In pathology, a carcinogen is any substance or agent that promotes cancer.

Carcinogens are also often, but not necessarily, mutagens or teratogens.

Carcinogens may cause cancer by altering cellular metabolism or damaging DNA directly in cells, which interferes with normal biological processes.

Aflatoxin B1, which is produced by the fungus Aspergillus flavus growing on stored grains, nuts and peanut butter, is an example of a potent, naturally-occurring microbial carcinogen.

Cooking protein-rich food at high temperatures, such as broiling or barbecuing meats, can lead to the formation of many potent carcinogens that are comparable to those found in cigarrette smoke (i.e., benzo[a]pyrene).Pre-cooking meats in a microwave oven for 2-3 minutes before broiling can help minimize the formation of these carcinogens.

Carcinogen, any of a number of agents that can cause cancer in humans. They can be divided into three major categories: chemical carcinogens (including those from biological sources), physical carcinogens, and oncogenic (cancer-causing) viruses. Most carcinogens, singly or in combination, produce cancer by interacting with DNA in cells and thereby interfering with normal cellular function. This ultimately results in the formation of a tumour (an abnormal tissue growth) that has the ability to spread (metastasize) from its site of origin and invade and cause dysfunction of other tissues, culminating in organ failure and death. The two primary mechanisms by which carcinogens initiate the formation of such tumours is via alterations in DNA that encourage cell division and that prevent cells from being able to self-destruct when stimulated by normal triggers, such as DNA damage or cellular injury (a process known as apoptosis). There also exist carcinogens that induce cancer through nongenotoxic mechanisms, such as immunosuppression and induction of tissue-specific inflammation.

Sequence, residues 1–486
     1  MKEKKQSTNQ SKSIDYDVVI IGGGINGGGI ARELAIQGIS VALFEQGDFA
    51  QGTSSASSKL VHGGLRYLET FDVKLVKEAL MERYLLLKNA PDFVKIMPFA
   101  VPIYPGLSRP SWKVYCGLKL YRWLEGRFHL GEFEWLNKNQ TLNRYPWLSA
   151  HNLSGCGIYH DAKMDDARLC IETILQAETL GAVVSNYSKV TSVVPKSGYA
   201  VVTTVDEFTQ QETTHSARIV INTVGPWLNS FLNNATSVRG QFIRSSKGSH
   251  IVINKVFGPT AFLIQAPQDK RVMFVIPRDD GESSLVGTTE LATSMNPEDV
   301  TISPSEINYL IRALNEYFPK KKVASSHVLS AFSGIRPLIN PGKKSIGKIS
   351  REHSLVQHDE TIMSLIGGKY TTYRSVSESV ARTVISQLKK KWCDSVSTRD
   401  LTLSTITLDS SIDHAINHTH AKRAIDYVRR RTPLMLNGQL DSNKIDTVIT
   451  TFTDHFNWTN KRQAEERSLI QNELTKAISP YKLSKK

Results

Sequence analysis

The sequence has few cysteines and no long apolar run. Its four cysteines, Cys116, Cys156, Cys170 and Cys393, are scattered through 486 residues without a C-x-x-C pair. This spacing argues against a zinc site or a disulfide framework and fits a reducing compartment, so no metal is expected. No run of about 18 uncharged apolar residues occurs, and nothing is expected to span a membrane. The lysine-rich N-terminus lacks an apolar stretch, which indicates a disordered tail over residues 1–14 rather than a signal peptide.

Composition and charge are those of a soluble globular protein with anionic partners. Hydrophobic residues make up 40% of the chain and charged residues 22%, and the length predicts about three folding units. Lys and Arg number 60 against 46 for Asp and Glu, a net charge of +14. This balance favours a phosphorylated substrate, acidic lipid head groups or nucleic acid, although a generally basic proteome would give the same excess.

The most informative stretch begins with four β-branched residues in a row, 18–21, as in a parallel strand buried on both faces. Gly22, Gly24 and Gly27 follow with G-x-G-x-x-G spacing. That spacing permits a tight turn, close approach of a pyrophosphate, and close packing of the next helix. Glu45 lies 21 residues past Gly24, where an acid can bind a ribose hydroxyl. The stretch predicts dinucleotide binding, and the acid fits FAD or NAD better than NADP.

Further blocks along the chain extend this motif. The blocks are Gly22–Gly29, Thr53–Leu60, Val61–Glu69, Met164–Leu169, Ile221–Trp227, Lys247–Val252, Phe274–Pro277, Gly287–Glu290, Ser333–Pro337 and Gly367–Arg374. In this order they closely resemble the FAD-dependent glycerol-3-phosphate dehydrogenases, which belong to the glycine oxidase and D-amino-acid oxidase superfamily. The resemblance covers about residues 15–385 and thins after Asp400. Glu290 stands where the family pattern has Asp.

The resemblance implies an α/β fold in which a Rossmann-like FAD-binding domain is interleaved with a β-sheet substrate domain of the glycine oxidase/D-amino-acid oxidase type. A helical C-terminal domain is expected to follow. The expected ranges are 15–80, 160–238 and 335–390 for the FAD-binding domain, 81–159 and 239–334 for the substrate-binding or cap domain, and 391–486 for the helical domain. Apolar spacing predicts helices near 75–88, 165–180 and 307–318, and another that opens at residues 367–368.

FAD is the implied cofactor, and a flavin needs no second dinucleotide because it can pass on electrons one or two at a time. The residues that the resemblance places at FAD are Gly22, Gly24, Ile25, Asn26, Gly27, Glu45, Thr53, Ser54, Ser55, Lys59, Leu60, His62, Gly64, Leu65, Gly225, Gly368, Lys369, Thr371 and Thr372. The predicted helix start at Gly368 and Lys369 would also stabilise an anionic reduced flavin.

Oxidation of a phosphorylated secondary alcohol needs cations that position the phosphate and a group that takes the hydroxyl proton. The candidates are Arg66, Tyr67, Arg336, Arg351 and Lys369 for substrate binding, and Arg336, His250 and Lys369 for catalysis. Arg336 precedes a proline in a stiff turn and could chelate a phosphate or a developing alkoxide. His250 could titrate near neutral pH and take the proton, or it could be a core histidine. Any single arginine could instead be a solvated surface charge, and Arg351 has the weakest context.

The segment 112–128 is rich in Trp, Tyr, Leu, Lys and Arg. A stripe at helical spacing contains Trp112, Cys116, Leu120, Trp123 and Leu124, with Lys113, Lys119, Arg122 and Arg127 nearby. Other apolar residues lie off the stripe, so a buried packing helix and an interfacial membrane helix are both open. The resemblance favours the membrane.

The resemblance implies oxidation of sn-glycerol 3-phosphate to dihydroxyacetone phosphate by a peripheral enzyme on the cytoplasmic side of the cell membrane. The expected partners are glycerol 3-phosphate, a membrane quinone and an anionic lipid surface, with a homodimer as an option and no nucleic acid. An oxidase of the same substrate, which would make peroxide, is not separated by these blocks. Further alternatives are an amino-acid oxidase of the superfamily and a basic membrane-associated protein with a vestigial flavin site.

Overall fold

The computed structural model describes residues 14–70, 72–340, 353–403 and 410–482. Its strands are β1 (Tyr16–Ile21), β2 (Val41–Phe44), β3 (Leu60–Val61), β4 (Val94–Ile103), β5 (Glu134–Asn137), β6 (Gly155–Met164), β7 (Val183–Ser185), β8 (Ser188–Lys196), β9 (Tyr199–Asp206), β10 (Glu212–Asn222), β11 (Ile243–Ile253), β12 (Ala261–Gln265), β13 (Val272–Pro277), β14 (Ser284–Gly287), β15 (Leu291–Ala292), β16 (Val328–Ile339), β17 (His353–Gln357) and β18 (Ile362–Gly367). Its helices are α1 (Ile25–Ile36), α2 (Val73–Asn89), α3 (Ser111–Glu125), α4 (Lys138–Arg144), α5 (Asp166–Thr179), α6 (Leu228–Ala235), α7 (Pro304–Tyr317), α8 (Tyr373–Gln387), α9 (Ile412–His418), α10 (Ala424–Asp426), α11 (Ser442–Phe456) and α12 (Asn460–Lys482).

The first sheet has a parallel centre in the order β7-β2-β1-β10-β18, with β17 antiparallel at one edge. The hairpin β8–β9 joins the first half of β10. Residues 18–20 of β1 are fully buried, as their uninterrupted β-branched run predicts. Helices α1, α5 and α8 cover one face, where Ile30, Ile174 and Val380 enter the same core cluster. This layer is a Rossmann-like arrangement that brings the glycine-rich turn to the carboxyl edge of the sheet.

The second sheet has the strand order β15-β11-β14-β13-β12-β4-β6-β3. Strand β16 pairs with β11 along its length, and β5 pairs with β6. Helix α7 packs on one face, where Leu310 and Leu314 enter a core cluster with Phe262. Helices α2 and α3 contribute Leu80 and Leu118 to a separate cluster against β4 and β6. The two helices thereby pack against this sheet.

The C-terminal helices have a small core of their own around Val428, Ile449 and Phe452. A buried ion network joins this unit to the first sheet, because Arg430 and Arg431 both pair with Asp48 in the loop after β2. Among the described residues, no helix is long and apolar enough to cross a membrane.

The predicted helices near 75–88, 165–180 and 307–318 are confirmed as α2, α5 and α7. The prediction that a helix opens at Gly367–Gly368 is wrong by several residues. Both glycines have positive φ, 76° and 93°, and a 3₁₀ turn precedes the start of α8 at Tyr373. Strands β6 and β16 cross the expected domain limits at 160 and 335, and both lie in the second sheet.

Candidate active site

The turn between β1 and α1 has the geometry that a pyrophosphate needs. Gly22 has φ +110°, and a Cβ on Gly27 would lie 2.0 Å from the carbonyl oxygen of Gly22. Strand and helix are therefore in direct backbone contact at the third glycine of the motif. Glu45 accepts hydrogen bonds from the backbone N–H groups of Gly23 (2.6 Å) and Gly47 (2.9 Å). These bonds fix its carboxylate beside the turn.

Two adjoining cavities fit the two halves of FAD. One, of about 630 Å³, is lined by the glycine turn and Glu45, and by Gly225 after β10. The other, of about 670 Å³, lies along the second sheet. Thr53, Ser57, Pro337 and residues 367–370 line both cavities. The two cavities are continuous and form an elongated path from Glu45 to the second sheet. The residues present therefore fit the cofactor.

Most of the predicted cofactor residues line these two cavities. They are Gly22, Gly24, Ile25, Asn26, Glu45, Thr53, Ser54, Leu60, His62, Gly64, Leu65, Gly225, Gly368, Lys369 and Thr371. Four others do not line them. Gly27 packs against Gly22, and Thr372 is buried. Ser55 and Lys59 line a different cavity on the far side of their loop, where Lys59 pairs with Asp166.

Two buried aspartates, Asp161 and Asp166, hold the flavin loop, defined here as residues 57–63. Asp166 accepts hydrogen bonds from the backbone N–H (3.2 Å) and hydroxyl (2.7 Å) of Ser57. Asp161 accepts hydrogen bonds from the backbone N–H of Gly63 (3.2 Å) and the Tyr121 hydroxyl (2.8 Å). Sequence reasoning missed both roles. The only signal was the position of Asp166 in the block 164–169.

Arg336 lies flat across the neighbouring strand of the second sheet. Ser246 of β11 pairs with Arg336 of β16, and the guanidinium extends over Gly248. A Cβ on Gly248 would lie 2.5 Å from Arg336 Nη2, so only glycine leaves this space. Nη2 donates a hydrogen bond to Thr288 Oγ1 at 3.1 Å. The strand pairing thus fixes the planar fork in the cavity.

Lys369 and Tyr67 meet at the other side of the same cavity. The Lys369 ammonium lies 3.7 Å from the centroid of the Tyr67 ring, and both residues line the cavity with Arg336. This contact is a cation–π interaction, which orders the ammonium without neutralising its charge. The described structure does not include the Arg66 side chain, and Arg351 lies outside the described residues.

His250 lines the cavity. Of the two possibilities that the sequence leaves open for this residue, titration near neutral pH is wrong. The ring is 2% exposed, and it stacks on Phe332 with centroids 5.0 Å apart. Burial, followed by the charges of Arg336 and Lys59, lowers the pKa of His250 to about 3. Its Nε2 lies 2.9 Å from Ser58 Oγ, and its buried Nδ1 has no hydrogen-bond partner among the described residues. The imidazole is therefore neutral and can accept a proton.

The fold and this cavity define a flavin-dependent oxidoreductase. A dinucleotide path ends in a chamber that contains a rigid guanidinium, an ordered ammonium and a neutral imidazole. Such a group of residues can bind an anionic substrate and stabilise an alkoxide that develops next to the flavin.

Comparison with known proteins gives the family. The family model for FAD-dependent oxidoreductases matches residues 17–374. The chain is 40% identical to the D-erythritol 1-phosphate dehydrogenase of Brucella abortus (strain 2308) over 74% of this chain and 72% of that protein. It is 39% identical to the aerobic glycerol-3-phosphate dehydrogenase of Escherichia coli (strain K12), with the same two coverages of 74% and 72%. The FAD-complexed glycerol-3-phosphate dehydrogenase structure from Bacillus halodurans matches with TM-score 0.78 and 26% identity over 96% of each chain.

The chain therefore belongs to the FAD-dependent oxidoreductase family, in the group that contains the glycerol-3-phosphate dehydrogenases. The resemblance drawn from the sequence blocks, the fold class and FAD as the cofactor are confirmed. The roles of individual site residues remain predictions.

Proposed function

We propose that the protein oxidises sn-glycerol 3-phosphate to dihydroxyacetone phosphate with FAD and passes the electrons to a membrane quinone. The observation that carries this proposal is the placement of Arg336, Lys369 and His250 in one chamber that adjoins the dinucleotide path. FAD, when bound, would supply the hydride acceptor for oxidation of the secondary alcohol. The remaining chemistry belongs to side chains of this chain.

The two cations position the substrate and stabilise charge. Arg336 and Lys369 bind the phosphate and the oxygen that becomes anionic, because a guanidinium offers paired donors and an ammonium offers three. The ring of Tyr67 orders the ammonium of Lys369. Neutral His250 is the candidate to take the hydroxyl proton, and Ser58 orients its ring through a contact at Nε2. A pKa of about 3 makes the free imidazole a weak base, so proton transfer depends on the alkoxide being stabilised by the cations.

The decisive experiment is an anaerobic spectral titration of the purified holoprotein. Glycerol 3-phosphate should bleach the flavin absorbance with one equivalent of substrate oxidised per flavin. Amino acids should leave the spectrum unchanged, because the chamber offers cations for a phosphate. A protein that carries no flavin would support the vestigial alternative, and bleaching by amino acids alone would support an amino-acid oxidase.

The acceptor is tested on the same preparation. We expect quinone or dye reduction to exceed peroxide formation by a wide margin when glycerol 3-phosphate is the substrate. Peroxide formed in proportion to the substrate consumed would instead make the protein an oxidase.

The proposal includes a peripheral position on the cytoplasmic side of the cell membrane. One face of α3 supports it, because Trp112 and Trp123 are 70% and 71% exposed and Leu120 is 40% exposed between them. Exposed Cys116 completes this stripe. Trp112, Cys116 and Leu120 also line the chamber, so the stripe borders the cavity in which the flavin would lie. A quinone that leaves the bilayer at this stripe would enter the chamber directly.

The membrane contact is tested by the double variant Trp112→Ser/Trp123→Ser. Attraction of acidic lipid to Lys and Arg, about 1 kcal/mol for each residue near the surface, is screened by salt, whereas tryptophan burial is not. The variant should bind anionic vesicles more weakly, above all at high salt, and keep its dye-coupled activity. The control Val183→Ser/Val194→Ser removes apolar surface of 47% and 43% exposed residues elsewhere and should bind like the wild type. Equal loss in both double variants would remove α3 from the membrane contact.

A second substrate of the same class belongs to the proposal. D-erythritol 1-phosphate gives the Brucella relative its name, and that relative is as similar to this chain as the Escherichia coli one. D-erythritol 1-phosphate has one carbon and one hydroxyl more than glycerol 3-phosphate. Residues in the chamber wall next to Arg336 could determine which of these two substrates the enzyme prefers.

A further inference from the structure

A number of viruses are suspected of causing cancer in animals, including humans, and are frequently referred to as oncogenic viruses. Examples include human papillomaviruses, the Epstein-Barr virus, and the hepatitis B virus, all of which have genomes made up of DNA. Human T-cell leukemia virus type I (HTLV-I), which is a retrovirus (a type of RNA virus), is linked to tumour formation in humans.

Chemicals: Chemicals constitute the most diverse group of carcinogens. Hundreds of chemicals are known to be carcinogenic/tumorigenic in animals. A carcinogen is termed genotoxic if it covalently binds to cellular DNA. If unrepaired, the damaged DNA may cause mutations by inducing the misincorporation of bases during DNA replication. Genotoxic carcinogens may be either direct-acting (ultimately reactive toward DNA from the outset) or they may require metabolic activation to become reactive toward DNA (indirect-acting carcinogens).

Major carcinogens implicated in the four most common cancers worldwide:
Lung cancer, Breast cancer, Colon cancer, Stomach cancer.

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